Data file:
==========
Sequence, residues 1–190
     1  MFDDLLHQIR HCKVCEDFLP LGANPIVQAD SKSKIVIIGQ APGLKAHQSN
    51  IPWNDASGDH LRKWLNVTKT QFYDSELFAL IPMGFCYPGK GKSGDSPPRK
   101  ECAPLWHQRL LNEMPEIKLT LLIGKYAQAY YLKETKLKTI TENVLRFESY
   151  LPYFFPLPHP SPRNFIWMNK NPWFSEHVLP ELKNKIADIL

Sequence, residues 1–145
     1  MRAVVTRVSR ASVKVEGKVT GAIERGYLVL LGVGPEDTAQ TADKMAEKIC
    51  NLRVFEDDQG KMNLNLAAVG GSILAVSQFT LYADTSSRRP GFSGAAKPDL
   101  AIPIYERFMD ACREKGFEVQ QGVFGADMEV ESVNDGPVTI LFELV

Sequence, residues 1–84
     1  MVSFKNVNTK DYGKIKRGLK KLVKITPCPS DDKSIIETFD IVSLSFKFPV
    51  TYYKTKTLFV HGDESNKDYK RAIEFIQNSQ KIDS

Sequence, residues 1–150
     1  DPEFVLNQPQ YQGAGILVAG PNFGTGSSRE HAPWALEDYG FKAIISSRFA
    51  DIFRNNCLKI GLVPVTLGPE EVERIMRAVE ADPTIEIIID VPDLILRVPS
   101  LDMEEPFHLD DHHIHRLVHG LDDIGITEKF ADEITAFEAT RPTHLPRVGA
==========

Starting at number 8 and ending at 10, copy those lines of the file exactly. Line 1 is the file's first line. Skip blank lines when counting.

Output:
    51  NLRVFEDDQG KMNLNLAAVG GSILAVSQFT LYADTSSRRP GFSGAAKPDL
   101  AIPIYERFMD ACREKGFEVQ QGVFGADMEV ESVNDGPVTI LFELV

Sequence, residues 1–84